The #SundayFishSketch is a Twitter hashtag that encourages like-minded individuals to incorporate art and fish into their weekly lives. It is a great community to join for beginning sketchers and is also a way for seasoned artists to continue to practice. Many of the #SundayFishSketch themes can be fun getaways from your current life and others touch on relevant and current world topics. The O-fish-al Art Recap has been away for a while, but I am happy to be back! Continue reading for highlights of some of the #SundayFishSketch themes, facts, and art that occurred over the last few months.
Springtime daylight savings is never a fun event for anyone. Losing an hour of your day can certainly throw a wrench in the morning routine. In order to remind all of the #SundayFishSketch community of this most celebrated springing ahead event, the weekend’s theme was springing/jumping fishes.
Although water dwellers, many species of fish jump out of the water on a regular basis. Whether to escape predation, jump for prey, or to just hit you in the face, jumping fishes can be a sight to see.
George sketched a Pseudotropheus williamsi (a.k.a. Blue Lips), an African cichlid and water column feeder; it has been seen jumping out of the water to eat invertebrates on rocks.
Nilo went with Gasteropelecus sternicla or the common hatchetfish. This aquarium favorite is known to jump out of the water when alarmed or to capture prey.
Katie drew Hypophthalmichthys molitrix (silver carp), an invasive species of fish in many parts of the world. Silver carp frequently jump out of the water when disturbed and can reach upwards of 10 ft.
When a scientist discovers a new species of organism, often times they describe that species and give it a binomial scientific name. Giving the species a name allows scientists and the general public to better communicate about what organisms we are referring to, either for research or general education. The research of naming and classifying organisms is called ‘taxonomy.’ March is Women’s History Month, and to celebrate, we asked the #SundayFishSketch community to sketch different species of fish that were described by women scientists.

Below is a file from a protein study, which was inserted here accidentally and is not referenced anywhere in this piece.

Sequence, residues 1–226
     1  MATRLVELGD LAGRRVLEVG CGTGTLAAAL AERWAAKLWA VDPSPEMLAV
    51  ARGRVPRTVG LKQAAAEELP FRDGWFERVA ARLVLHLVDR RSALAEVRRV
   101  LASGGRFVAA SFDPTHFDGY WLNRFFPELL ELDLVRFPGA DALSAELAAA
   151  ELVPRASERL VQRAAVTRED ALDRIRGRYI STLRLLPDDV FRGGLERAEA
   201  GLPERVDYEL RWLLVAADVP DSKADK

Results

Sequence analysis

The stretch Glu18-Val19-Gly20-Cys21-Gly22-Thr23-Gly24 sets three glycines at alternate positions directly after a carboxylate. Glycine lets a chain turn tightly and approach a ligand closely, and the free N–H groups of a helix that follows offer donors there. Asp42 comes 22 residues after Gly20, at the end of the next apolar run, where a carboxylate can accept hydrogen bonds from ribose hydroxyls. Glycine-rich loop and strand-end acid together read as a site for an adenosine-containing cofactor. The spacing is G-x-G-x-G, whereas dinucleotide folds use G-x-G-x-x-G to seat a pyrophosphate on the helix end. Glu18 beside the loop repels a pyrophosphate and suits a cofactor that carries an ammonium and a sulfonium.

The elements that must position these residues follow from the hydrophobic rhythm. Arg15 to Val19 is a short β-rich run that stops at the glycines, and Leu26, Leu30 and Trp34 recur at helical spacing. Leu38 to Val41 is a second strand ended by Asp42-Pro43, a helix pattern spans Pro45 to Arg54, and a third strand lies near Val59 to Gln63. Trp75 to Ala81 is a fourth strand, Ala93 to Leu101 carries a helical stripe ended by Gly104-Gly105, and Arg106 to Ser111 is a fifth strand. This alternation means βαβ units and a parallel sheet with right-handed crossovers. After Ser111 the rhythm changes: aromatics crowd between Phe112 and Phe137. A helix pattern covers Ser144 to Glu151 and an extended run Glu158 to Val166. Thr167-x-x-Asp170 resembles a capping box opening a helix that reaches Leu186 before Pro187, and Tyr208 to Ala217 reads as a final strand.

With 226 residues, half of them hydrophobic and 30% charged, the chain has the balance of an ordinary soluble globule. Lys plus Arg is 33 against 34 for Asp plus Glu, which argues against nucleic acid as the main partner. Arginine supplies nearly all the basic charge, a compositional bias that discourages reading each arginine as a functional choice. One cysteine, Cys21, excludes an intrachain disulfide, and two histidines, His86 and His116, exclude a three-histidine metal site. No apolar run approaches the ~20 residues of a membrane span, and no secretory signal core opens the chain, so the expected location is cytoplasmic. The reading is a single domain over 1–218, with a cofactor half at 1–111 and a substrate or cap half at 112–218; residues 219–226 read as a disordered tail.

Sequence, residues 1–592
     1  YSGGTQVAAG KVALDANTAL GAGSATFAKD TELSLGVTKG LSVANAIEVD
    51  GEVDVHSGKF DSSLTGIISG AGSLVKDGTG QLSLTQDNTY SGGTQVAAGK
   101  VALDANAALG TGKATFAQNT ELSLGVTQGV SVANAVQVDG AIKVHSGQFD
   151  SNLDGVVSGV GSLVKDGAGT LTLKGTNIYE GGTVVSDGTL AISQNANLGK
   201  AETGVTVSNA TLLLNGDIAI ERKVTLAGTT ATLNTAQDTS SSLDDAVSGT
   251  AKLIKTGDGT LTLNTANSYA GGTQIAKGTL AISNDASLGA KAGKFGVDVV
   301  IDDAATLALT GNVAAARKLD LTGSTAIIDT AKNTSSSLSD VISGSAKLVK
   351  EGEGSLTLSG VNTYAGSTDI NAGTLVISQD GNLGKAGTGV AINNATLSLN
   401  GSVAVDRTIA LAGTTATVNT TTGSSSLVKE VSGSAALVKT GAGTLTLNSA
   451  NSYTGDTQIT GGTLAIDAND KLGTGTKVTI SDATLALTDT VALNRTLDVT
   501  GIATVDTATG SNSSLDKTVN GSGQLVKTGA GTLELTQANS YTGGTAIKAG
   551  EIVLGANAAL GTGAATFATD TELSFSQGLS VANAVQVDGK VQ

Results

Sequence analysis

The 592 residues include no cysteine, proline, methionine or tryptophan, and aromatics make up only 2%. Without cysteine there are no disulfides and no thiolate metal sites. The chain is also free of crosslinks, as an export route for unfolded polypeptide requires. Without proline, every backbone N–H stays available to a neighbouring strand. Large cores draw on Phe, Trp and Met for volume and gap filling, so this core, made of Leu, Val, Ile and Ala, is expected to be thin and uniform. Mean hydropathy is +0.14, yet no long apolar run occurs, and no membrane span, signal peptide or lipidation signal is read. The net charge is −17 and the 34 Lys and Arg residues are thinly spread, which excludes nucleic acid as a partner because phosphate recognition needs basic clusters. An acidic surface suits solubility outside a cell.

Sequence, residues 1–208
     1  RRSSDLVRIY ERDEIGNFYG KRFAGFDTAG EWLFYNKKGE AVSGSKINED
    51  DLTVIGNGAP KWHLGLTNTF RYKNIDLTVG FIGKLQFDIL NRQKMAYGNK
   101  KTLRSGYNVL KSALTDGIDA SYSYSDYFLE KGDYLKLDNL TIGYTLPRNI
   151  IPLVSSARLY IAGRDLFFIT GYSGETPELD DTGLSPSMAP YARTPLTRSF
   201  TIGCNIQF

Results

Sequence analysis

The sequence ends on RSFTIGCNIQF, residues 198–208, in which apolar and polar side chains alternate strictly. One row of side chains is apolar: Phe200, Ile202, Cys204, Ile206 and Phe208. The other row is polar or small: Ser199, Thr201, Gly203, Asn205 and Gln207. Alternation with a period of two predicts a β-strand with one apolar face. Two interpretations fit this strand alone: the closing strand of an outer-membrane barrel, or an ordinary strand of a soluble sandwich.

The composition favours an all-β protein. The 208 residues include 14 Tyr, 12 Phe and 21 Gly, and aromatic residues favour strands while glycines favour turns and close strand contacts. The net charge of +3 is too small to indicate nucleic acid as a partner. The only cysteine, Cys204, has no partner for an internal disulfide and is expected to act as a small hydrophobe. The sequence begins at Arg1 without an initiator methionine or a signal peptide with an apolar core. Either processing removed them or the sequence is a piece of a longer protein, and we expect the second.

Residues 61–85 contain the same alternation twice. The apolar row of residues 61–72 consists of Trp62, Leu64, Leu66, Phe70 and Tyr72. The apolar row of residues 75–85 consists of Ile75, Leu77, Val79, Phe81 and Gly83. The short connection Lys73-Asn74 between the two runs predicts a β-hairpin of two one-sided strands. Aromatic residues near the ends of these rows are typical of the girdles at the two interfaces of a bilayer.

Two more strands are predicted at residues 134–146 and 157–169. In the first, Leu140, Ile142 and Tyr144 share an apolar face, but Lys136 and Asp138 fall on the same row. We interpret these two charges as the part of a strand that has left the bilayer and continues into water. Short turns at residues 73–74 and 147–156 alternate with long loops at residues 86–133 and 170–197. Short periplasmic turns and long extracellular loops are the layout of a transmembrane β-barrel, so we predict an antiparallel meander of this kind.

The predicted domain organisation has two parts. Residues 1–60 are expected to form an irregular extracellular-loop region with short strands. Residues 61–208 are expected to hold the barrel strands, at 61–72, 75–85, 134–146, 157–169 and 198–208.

Heather illustrated Danio kyathit (orange-finned danio), a species minnow from Myanmar that was described by Dr. Fang in 1998. Dr. Fang had worked extensively with species in the genus Danio throughout her research career.
Stephanie sketched Trachurus picturatus, the blue jack mackerel. This species of fish was described by Sarah Bowdich in 1825. Sarah was both a writer and an illustrator, and her work focused on natural history, expeditions, and freshwater fishes.
Ben drew a rather disgruntled Malthopsis gnoma (gnome batfish). The gnome batfish was described by Margaret Bradbury in 1998. She began her career in ichthyology and herpetology as a staff artist at the (now) Field Museum in Chicago, and her Ph.D. work focused on batfishes.
One extremely famous fossil fish genus is †Dunkleosteus. Described in the 1800’s, fish species in this genus are part of a larger group of extinct fishes called placoderms that possessed armored plates and heads. Since the rest of their bodies aren’t easily fossilized, scientists have used various methods to estimate placoderm lengths and sizes. Until recently, the extinct pelagic predator Dunkleosteus terrelli, was thought to possess a longer body more akin to a great white shark. A published analysis by Dr. Engelman, using new metrics and methods, greatly reduced the estimated body length of D. terrelli. The resulting scientific community and social-media surge is littered with fun recreations of new #ChunkyDunky’s hypothesized body shape.
Filipe imagined our dear Dunk as a goldfish.
Justin, and a surprising amount of other people as well, illustrated Dunk with a sunfish body.
Erica’s take includes a chunky oarfish as well.
ARTIST OF THE MONTH
What is it like to participate in the #SundayFishSketch? Just ask our artist of the month, Charlene da Silva (@mmustelus), a shark expert with a creative pastime.
How long have you been participating in the #SundayFishSketch?
I’ve been participating in SundayFishSketch since 2018! I can’t believe it’s been so long.
Why did you decide to participate and has it been difficult to sketch on a semi-regular basis?
I love the sundayfishsketch community- they’re a lovely bunch of like minded people. All very supportive. Decided to get serious about my fish drawings and being given a prompt forces me to try something new. I’m always drawing these days, not always fish and I’m very busy these days with commissions.
Do you believe your art has improved since joining the hashtag?
Absolutely! I’ve also changed media, gone from watercolours to working strictly in procreate. Digital is easier with toddlers armed with crayons about. I’m also very mobile with my art now.
What has been your favorite theme thus far and why?
I loved the Gettys Museum challenge! I loved the concept and it generated some amazing pieces that day.